School vouchers will force improvement
In January, I wrote about Nevada’s education system. It’s a touchy subject for students, teachers and parents alike. It seems that no matter how many programs are cut or how much money is re-allocated, the public schools of Nevada still seem to perform at a nationally sub-average (or sub-sub-average) level.
For the few students who manage to find their way into an Ivy League school, there seem to be thousands more that don’t even graduate. In the 2010-2011 school year, only 62 percent of students graduated, which left Nevada’s rate only marginally better than students in Washington, D.C. (59 percent) and on Native American reservations (61 percent), according to the Las Vegas Sun. While the blame can’t all be placed in one spot, something has to change.
Apart from the StudentsFirst initiative detailed in my previous column—which is currently championed by former D.C. superintendent Michelle Rhee and focuses on loosening the hold of teachers’ unions so that effective teachers can replace ineffective ones—another option that has been considered by Gov. Brian Sandoval and the Legislature is a state voucher system for education. The institution of a voucher system would have required a constitutional amendment and died in committee without a hearing during the last legislative session.
The theory of a voucher system is that it promotes greater academic and administrative achievement from schools. Families are given vouchers toward tuition that allow them to choose which school to send their children to instead of relying on zoning. Poorer performing schools will not attract as many students, and high achieving schools will be rewarded with a larger number of vouchers going to their institutions. Currently, this kind of system would mean that more students would be able to attend private schools, but in the long run, private schools would not be able to support the number of vouchers that would end up choosing their institutions. Public schools would then be pushed to entice students via competitive academic and extracurricular programs.
Senate Bill 445 proposes a voucher system in a roundabout way. The bill gives tax breaks—which would not exceed $5 million per year—to businesses that donate to a scholarship fund that helps low-income families send their children to private schools, thereby increasing the students’ chances of success throughout and after their secondary education. The scholarship would apply to families whose income is three times the poverty line or less, which is currently around $70,000. Naturally, such a bill has sparked resentment among teachers’ unions and public school officials since it means less money goes toward funding public schools. But with the graduation numbers at such low rates and systemic disadvantages going to low- and middle-income families who can’t afford to send their children to higher-performing schools, very few options remain.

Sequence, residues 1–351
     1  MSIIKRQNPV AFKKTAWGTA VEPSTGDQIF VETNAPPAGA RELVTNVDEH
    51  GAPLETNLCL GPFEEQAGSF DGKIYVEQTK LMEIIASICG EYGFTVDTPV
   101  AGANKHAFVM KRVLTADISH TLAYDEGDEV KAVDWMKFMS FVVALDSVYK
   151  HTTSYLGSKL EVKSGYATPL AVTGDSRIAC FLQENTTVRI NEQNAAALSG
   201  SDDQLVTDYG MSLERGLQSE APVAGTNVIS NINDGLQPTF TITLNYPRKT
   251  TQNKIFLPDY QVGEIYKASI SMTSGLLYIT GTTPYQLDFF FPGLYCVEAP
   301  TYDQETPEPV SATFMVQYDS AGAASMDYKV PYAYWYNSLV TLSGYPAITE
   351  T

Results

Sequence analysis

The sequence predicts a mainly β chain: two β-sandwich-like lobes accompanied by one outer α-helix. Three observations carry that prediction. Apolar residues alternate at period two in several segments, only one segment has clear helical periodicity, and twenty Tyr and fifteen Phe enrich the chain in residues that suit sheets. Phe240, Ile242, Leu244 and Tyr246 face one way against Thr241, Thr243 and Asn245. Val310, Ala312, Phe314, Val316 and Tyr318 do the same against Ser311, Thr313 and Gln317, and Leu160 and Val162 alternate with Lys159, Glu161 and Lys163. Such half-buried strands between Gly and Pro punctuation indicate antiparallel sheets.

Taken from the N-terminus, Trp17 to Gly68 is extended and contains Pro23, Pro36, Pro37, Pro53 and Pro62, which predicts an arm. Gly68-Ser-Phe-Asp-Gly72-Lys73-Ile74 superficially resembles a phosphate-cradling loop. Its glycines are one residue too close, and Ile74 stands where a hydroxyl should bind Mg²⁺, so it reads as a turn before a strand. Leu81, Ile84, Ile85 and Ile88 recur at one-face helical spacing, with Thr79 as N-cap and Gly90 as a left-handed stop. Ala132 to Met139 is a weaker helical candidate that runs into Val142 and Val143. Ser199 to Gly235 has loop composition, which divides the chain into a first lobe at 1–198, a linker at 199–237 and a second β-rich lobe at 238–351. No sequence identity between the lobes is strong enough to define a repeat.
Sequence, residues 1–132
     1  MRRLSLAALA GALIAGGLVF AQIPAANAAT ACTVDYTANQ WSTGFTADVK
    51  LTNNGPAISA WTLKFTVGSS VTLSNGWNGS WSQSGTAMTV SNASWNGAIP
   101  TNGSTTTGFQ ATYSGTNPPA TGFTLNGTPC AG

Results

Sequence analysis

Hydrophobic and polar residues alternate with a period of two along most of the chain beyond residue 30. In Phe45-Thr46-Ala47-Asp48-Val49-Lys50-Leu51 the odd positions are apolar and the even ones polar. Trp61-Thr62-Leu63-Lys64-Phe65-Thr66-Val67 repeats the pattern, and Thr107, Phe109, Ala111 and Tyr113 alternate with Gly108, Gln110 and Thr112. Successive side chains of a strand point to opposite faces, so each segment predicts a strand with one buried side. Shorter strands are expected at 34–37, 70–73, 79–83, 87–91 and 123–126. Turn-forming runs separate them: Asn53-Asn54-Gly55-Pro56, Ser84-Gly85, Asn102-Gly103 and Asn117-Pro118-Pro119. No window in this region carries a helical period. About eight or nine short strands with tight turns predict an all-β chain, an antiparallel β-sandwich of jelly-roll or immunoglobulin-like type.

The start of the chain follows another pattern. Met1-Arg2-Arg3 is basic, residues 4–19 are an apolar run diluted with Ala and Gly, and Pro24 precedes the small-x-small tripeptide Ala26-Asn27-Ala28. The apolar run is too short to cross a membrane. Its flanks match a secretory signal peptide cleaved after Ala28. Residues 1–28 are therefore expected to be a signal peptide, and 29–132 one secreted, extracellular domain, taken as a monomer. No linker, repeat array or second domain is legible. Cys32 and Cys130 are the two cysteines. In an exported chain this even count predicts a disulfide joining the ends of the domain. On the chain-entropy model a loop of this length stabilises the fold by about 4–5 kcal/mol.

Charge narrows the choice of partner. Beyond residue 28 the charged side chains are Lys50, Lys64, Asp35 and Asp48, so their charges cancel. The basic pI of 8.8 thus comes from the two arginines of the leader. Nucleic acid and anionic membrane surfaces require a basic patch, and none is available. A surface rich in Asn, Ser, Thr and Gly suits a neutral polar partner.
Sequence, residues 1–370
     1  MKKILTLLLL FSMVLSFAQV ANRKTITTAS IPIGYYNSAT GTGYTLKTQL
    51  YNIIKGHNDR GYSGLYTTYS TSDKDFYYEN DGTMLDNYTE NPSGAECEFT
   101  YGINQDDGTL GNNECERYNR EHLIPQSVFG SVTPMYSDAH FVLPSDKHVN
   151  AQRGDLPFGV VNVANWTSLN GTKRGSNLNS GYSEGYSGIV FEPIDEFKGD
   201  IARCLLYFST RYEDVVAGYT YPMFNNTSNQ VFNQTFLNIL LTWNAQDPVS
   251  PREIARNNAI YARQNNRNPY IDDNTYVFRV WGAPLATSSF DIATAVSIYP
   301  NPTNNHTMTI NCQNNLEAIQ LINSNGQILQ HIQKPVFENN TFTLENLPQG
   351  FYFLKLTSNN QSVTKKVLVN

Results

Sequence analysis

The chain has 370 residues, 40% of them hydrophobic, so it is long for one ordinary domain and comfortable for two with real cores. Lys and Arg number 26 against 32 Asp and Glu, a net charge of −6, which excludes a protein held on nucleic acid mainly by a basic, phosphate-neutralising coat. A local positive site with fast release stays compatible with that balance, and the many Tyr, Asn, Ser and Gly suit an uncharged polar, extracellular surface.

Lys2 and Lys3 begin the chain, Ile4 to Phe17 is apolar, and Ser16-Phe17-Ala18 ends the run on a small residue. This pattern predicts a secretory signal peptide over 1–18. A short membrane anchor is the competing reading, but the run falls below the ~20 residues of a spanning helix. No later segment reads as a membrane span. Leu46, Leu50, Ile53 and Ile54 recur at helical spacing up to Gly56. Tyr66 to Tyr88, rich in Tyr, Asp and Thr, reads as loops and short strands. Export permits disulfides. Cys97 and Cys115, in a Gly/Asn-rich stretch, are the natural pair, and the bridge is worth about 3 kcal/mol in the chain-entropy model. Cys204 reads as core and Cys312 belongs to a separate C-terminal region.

In fact, if the voucher system can be developed to include public schools—which encompass charter schools, vocational schools, magnet schools and home schooling as well—then even more options can be given to students. In addition, with more competition to achieve among schools, administrators of lower performing schools will be given the push to develop their programs so that they become more attractive to voucher carriers.
Poorly performing schools would have to adapt or fail. This may sound drastic, but perhaps it is time for drastic measures to be taken for the sake of Nevada’s community and workforce. School isn’t everybody’s cup of tea, but instilling a lifelong competency to attain work certainly should be. And to have an adequate workforce, an adequate education system is required. A reconsideration of the voucher system—or comparable alternatives—could be the thing we need to revitalize Nevada’s students’ ability and willingness to learn.